Kind and merciful

The Lord is kind and merciful. Psalm 103

Merciful is not a word that I either use or hear often. The word kind, on the other hand, is much more common. “You are so kind” and “That was such a kind thing to do” are two familiar phrases.

One of the good things about having a dog is that she has helped me get to know my neighbors. On our daily walks, we often meet up with people who happen to be outside.

That is how I met Audrey, a woman who lives a few blocks away and is usually sitting on her back porch in the mornings. She is an animal lover who tends to stray cats, and she took an instant liking to my dog (who took an instant disliking to her cats). On my way to the grocery store one day, I stopped at her house to ask if she wanted anything. “You are so kind,” she said.

I brushed aside her compliment; I thought I was just doing what anyone would do. But each time I stop and ask if she needs anything, she gushes about my kindness.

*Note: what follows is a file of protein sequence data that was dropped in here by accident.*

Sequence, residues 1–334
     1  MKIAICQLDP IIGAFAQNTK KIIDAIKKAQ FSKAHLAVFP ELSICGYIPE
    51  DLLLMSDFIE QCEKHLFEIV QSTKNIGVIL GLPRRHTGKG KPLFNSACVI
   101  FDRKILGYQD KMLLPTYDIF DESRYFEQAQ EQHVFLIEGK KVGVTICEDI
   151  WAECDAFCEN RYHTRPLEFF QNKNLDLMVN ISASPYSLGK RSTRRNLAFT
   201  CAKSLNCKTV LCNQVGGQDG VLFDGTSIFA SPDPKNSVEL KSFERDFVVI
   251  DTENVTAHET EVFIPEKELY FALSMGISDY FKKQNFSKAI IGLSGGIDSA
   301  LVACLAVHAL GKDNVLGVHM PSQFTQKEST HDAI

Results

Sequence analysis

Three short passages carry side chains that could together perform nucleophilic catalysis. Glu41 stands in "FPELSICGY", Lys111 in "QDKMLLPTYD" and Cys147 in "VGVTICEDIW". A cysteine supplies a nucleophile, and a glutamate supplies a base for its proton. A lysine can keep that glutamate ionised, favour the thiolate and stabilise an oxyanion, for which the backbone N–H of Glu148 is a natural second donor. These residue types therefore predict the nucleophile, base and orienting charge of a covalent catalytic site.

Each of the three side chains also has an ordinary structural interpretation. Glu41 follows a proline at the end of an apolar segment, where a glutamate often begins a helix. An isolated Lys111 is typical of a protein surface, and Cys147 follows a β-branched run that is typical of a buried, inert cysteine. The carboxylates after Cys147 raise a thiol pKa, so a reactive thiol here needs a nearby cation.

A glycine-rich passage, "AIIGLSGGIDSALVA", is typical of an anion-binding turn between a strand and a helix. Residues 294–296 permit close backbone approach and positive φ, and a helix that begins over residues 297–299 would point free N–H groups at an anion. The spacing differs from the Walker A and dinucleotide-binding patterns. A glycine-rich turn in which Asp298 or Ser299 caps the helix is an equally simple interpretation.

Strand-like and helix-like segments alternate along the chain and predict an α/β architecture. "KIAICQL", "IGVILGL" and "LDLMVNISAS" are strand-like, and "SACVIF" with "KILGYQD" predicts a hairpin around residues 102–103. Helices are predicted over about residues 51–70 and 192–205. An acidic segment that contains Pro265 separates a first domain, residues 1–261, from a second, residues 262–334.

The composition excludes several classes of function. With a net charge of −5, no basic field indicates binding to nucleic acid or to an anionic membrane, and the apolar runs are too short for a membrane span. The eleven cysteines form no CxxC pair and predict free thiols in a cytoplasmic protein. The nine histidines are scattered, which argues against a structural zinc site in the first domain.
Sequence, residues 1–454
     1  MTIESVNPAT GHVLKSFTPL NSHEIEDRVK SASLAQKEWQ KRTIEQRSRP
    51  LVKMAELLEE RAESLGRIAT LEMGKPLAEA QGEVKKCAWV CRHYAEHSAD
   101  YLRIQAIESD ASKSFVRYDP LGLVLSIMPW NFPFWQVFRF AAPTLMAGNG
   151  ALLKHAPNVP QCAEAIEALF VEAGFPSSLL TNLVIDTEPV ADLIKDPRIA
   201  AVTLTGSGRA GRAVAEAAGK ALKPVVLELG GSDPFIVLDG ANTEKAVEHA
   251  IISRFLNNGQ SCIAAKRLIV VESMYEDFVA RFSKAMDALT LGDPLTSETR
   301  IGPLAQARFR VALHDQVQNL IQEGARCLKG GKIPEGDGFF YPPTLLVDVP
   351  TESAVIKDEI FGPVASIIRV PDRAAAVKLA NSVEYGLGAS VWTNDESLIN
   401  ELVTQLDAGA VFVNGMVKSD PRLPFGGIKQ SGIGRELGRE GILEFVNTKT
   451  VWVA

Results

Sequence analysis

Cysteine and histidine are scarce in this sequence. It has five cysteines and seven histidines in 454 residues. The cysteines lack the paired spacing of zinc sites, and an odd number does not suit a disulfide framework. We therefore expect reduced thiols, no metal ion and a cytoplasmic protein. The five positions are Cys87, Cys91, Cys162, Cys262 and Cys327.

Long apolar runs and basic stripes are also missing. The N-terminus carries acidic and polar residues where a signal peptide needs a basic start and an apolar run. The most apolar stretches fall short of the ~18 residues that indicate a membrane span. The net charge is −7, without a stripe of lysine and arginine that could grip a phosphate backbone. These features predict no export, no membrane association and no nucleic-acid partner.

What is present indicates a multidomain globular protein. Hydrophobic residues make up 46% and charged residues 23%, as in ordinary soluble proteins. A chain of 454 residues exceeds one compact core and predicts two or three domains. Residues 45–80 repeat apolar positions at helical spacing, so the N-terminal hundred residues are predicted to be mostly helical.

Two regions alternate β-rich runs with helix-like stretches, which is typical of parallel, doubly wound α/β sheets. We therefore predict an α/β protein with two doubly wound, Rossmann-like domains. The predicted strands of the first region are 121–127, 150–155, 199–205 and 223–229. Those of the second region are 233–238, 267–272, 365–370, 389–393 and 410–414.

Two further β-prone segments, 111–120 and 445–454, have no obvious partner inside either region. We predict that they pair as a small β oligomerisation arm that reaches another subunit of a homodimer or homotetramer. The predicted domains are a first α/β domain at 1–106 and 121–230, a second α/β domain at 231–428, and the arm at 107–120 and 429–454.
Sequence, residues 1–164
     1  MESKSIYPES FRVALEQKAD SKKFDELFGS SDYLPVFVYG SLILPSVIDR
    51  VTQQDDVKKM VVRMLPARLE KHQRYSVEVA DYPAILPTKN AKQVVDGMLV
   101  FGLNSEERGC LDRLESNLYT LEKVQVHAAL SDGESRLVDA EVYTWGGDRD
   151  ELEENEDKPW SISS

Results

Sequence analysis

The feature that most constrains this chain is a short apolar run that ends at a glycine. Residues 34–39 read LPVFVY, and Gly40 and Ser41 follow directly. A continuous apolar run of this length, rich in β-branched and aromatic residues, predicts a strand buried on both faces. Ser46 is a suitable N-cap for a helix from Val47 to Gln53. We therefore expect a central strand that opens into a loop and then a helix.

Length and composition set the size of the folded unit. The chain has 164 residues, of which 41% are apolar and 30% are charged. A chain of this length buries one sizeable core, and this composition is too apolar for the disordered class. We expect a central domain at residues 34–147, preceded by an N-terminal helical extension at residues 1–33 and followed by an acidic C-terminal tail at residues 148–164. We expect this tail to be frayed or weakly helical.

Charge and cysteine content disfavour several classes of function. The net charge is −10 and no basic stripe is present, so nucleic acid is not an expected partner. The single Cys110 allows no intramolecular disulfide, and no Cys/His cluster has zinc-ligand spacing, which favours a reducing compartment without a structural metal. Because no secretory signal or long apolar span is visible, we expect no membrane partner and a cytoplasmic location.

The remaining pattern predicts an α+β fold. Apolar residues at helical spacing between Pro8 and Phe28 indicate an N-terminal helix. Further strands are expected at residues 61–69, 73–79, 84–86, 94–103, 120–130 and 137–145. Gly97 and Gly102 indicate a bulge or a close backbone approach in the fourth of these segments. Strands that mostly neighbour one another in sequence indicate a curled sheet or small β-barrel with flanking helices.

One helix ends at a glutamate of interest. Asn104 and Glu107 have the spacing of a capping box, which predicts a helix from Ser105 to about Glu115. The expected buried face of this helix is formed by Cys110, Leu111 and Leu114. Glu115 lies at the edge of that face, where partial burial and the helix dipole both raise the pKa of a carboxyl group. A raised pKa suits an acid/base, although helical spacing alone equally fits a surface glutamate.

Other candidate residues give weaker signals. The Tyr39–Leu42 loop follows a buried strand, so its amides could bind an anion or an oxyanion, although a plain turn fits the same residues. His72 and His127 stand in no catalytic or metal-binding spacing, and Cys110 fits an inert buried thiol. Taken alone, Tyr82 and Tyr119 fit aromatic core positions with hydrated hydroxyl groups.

Perhaps random acts of kindness are not as common as I imagine.

Just before Christmas, I came out of a store and noticed a note on the windshield of my car. The note explained that the wind had blown open the door of the car parked next to me and it had smashed into my car. The owner left her name and number. There was a mark on my door, but I am not one who would be too concerned about the looks of a car—I care more about its ability to get me where I am going. I called the woman, thanked her for her note and assured her my car was fine. Her voice caught as she thanked me. “You are so kind,” she said, her words full of emotion.

I try to be aware of opportunities to perform acts of kindness. Opening doors, paying the toll for the car behind me and letting someone go ahead in line are all easy to do. But, sometimes acts of kindness call for more courage.

I remember during Mass one day, the priest’s shoelace had become untied and when he bent over to tie it, he had difficulty keeping his balance. I thought of going over to help, but I feared he might shoo me away and I would be embarrassed. We all watched him struggle with his shoelace and no one went to his aid. I was then embarrassed by my timidity and trepidation, and I vowed to be more courageous.

I’m not sure if this is exactly what Pope Francis had in mind when he proclaimed a Year of Mercy, but for my part, I pledge to do at least one random act of kindness every day as my little way to make the year more merciful.

 

 

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